IF I thought any language of mine could do justice to her
character, I would try to describe my mother. Were I to speak
of her, my voice would choke at the mention of her name.
As I write, a mist gathers over my eyes. Grief for the loss of
such a being is immortal, as the love of which it is born.
   I have said that we were poor, -but ours was not abject
poverty, hereditary poverty, -though Ihad never known afflu-
ence, or even that sufficiency which casts out the fear of want.
I knew that my mother was the child of wealth, and that she
had been nurtured in elegance and splendor. I inherited from
her the most fastidious tastes, without the means of gratifying
them. 1 felt that I had a right to be wealthy, and that misfor-
tune alone had made my mother poor, had made her an alien
from her kindred and the scenes of her nativity. I felt a
strange pride in this conviction. Indeed there was a singular
union of pride and diffidence in my character, that kept me
aloof from my young companions, and closed up the avenues to
the social joys of childhood.
  My mother thought a school life would counteract the influ-
ence of her own solitary habits and example. She did not
wish me to be a hermit child, and for this reason accepted the
offier Mr. Regulus made through the minister to become a
pupil in the academy. She might have sent me to the free
schools in the neighborhood, but she did not wish me to form
associations incompatible with the refinement she had so care-
fully cultivated in me.  She might have continued to teach me
at home, for she was mistress of every accomplishment, but she
thought the discipline of an institution like this would give tone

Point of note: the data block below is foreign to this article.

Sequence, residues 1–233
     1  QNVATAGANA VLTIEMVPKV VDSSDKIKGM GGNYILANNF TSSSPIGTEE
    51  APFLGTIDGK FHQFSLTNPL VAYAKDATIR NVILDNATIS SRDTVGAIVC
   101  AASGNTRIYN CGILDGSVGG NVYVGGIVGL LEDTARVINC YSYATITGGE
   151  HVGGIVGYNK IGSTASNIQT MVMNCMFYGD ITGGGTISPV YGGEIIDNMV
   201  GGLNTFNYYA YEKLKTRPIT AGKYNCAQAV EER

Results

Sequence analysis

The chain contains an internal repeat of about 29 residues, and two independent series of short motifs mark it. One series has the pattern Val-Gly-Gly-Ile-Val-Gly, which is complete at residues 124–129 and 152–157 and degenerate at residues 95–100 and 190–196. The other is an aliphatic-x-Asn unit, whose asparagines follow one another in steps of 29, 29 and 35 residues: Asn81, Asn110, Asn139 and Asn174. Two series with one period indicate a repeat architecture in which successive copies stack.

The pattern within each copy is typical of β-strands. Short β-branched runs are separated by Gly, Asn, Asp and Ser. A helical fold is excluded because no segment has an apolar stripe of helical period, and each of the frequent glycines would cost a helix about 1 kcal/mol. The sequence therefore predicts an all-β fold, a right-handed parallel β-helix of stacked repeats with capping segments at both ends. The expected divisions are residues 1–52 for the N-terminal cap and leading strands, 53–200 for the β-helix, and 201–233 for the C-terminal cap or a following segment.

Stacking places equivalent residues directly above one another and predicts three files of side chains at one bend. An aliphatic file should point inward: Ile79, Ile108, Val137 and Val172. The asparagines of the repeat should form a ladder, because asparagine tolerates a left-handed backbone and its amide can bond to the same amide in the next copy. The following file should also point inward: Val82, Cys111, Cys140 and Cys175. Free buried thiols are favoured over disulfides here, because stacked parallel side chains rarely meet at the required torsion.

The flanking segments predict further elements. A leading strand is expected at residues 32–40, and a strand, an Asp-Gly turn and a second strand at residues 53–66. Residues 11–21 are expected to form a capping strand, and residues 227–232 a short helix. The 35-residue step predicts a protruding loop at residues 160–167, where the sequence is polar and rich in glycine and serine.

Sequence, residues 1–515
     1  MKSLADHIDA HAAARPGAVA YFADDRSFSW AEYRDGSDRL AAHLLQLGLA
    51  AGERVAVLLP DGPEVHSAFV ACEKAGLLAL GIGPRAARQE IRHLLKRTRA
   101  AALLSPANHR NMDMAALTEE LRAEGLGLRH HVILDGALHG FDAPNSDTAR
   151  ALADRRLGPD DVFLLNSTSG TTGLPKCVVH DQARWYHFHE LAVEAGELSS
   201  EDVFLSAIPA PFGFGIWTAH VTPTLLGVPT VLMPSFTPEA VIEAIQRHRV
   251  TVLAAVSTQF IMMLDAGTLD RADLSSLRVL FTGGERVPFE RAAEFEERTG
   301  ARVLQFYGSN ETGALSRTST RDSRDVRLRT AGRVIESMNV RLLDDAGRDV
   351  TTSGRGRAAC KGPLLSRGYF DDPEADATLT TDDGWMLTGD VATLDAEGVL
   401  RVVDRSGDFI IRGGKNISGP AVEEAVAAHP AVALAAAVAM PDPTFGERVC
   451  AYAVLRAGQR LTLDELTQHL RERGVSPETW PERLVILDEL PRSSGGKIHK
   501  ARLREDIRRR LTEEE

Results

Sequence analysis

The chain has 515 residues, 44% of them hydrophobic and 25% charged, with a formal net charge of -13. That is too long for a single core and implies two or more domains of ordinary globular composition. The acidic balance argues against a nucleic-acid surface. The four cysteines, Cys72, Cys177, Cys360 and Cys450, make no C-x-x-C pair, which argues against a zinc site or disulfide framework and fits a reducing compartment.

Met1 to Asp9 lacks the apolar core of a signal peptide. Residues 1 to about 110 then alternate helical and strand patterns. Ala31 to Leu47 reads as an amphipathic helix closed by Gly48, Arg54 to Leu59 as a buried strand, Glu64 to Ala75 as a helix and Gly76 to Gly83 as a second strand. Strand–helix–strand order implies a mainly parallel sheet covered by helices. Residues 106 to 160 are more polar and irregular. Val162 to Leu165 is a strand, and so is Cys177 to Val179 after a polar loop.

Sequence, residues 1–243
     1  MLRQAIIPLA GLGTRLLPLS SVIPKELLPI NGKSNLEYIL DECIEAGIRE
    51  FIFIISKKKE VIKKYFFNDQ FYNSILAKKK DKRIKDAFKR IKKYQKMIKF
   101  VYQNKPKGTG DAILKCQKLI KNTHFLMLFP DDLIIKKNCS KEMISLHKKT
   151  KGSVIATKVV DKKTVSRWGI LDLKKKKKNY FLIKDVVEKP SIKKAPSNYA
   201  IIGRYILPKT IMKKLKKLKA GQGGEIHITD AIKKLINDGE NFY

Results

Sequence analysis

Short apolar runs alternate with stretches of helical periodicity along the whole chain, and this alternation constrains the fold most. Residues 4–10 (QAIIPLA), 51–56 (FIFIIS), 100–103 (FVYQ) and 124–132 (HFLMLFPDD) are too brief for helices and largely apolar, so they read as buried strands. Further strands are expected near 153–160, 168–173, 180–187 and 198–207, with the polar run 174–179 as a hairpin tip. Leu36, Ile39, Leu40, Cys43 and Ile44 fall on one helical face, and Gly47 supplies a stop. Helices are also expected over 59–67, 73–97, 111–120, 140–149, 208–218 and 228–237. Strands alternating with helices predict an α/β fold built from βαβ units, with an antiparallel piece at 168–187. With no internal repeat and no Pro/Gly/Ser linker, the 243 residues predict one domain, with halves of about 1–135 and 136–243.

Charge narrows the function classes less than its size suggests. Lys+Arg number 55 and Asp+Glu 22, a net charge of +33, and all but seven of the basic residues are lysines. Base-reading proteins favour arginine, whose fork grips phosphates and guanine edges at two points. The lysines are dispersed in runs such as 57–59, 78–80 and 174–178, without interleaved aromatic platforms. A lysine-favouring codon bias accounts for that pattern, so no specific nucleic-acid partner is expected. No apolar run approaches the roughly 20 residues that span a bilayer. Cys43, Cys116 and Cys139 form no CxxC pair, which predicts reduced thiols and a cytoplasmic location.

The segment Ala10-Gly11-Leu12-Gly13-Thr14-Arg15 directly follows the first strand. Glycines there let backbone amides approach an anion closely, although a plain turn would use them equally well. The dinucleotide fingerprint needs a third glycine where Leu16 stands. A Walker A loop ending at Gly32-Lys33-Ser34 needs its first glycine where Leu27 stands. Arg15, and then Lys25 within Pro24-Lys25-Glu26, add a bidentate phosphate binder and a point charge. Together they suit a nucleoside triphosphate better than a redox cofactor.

and firmness to my poetic and dreaming mind. She wanted me
to become practical, -she wanted to see the bark growing and
hardening over the exposed and delicate fibres. She anticipated
for me the cold winds and beating rains of an adverse destiny.
I knew she did, though she bad never told me so in words. I
read it in the anxious, wistful, prophetic expression of her soft,
deep black eyes, whenever they rested on me. Those beautiful,
mysterious eyes !-
  There was a mystery about her that gave power to her ex-
cellence and beauty. Through the twilight shades of her sor-
rowful loneliness, I could trace only the dim outline of her past
life. I was fatherless, - and annihilation, as well as death,
seemed the doom of him who had given me being. I was for-
bidden to mention his name. No similitude of his features, no
token of his existence, cherished by love and hallowed by rev-
erence, invested him with the immortality of memory. It was
as if he had never been.
  Thus mantled in mystery, his image assumed a sublimity and
grandeur in my imagination, dark and oppressive as night. I
would sit and ponder over his mystic attributes, till he seemed
like those gods of mythology, who, veiling their divinity in
clouds, came down and wooed the daughters of men. A being
so lovely and good as my mother would never have loved a
common mortal. Perhaps he was some royal exile, who had
found her in his wanderings a beauteous flower, but dared not
transplant her to the garden of kings.
  My mother little thought, when I sat in my simple calico
dress, my school-book open on my knees, conning my daily les-
sons, or seeming so to do, what wild, absurd ideas were revelling
in my brain. She little thought how high the " aspiring blood"
of mine mounted in that lowly, woodland cottage.
  I told her the history of my humiliation, passion, and flight,-